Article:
This study was conducted to investigate the effect of Achyranthes Bidentata Polysaccharide (ABP) on growth performance, inflammatory responses and hormones in weaned piglets after Escherichia coli Lipopolysaccharide (LPS) challenges. A total of 48 crossbred (Duroc x Large; White x Landrace) male pigs weaned at 28 days of age (8.45±0.14 kg) were randomly allotted to one of four treatments by initial BW in a 2×2 factorial design that included a dietary addition of ABP (0 or 500 mg kg-1) and immunological challenge (with LPS or saline). On day 14 and 21, pigs were injected intraperitoneally with either 100 μg kg-1 BW of LPS or an equivalent amount of sterile saline. Blood samples were obtained 3 h after injection for analysis of Tumor Necrosis Factor-α (TNF-α), Prostaglandin E2(PGE2), cortisol, Growth Hormone (GH) and Insulin-like Growth Factor (IGF)-I. The results showed that LPS challenge decreased Average Daily Feed Intake (ADFI) (p<0.05) from 14-21 and day 21 "28. ABP increased ADG (p<0.05) and ADFI (p<0.05) from day 21 "28. An interaction (p<0.05) between LPS challenge and diet was observed for the plasma concentration of TNF-α, PGE2, cortisol, and IGF-I after both LPS challenges such that among LPS-treated pigs, pigs fed the ABP diet were lower for TNF-α (p<0.05) and higher IGF-I (p<0.05) than those receiving the control diet. These results indicated that ABP alters the release of inflammatoiy cytokines that may lead to improved pig performance during an immunological stress. © Medwell Journals, 2014.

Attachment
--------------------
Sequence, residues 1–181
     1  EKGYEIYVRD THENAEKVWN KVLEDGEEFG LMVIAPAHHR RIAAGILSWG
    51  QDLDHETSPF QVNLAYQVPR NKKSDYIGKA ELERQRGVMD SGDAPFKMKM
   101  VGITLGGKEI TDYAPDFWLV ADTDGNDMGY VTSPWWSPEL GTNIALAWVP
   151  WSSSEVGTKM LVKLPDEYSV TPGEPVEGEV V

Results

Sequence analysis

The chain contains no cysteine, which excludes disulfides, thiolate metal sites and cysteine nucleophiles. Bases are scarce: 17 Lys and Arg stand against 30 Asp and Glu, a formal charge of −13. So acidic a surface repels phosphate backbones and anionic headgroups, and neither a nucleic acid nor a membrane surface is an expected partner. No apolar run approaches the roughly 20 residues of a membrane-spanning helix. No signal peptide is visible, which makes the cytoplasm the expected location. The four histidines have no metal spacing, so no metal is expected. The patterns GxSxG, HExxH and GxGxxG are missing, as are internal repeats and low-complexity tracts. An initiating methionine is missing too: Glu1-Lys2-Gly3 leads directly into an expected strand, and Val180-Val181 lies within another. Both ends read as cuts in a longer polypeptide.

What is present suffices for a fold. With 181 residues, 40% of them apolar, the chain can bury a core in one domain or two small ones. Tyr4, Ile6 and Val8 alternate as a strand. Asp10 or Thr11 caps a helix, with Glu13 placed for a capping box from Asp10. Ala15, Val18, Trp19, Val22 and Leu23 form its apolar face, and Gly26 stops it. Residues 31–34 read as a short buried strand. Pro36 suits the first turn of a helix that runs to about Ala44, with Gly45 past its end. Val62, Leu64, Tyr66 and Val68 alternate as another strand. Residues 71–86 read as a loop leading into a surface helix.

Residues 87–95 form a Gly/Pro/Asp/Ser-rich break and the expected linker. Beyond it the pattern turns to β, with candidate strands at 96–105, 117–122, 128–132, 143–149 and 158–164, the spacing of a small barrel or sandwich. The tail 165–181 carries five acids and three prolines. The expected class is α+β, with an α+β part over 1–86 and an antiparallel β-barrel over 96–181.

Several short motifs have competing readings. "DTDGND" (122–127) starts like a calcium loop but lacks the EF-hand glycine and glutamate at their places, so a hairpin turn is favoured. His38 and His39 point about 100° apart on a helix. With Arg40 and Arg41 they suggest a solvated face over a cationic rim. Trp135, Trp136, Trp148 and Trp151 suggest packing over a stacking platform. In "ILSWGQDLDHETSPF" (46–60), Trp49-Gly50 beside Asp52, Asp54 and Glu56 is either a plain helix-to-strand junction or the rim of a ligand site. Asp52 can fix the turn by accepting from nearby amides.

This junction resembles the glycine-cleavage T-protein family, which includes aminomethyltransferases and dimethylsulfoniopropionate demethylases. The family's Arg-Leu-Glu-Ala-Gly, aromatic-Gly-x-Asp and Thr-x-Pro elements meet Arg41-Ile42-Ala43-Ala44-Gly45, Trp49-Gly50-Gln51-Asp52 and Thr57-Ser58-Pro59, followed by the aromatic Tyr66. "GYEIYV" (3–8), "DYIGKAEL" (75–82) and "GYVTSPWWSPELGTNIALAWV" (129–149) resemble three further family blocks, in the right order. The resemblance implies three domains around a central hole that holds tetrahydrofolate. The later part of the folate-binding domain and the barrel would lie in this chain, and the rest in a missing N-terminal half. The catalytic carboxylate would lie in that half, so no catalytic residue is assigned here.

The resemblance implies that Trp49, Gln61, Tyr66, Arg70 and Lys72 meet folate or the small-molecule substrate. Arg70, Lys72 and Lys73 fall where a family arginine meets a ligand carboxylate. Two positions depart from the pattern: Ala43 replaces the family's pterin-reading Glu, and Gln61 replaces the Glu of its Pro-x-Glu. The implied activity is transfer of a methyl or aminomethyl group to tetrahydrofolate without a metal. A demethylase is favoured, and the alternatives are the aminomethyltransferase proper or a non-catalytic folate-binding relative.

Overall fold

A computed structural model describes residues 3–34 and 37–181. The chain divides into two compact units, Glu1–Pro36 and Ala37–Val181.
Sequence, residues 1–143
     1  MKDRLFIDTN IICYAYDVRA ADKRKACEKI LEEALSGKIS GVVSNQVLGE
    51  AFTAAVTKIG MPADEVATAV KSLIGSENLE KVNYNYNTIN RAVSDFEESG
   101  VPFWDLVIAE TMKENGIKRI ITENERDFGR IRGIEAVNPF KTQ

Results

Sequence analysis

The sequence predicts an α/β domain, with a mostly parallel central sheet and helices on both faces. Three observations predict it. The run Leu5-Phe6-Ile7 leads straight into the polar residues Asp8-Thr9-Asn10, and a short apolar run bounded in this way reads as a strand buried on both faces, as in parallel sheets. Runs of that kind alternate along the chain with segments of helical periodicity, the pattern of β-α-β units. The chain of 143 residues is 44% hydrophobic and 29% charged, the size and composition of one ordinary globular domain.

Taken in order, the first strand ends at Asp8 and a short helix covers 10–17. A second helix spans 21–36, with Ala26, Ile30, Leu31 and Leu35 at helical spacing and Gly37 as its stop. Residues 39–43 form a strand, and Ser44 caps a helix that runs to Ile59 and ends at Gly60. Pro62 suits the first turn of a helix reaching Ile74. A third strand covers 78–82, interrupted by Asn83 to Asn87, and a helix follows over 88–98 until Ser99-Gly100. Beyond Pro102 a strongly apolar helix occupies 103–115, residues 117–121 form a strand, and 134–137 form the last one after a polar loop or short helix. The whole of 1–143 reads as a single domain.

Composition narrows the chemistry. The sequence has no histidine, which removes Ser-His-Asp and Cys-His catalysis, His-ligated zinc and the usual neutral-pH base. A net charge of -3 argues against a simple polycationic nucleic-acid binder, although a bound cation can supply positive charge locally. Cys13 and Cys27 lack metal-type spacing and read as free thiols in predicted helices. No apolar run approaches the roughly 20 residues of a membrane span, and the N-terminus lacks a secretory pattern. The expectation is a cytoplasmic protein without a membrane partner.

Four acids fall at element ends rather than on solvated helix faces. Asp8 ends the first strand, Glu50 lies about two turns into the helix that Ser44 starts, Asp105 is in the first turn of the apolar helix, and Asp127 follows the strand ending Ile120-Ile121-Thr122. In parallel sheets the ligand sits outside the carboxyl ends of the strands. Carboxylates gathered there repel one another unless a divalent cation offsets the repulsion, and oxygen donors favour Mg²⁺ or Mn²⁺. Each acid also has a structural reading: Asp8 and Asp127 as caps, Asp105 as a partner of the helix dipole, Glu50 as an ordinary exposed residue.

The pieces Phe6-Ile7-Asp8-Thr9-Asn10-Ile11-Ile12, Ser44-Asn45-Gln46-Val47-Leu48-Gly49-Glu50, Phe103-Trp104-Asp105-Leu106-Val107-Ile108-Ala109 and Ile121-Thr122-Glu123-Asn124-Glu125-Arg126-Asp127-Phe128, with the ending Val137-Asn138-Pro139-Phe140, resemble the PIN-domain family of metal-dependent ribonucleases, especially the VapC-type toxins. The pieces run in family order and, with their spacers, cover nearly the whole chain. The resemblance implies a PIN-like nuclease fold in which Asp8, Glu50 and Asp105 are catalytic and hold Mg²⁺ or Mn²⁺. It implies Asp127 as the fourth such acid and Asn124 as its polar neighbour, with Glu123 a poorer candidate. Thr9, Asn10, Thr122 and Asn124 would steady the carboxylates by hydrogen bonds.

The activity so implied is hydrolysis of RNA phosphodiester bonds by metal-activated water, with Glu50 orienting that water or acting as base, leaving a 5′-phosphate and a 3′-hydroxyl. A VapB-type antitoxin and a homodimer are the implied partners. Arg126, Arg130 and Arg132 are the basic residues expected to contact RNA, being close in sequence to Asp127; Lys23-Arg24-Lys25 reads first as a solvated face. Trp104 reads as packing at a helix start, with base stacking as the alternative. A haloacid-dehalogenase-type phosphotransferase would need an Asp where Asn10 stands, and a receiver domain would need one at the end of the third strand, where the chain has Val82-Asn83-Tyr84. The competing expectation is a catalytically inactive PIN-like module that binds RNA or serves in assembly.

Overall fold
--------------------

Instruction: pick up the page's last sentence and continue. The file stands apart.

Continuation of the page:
Ruan Z.,Nanchang University | Yang Y.,Nanchang University | Zhou Y.,Nanchang University | Wen Y.,Nanchang University | And 10 more authors.
Amino Acids | Year: 2014